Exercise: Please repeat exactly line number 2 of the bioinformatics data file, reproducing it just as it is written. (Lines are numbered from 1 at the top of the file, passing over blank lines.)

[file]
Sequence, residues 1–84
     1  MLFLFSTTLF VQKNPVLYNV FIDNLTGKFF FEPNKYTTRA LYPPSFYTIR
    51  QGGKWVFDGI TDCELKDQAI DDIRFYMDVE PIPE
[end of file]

     1  MLFLFSTTLF VQKNPVLYNV FIDNLTGKFF FEPNKYTTRA LYPPSFYTIR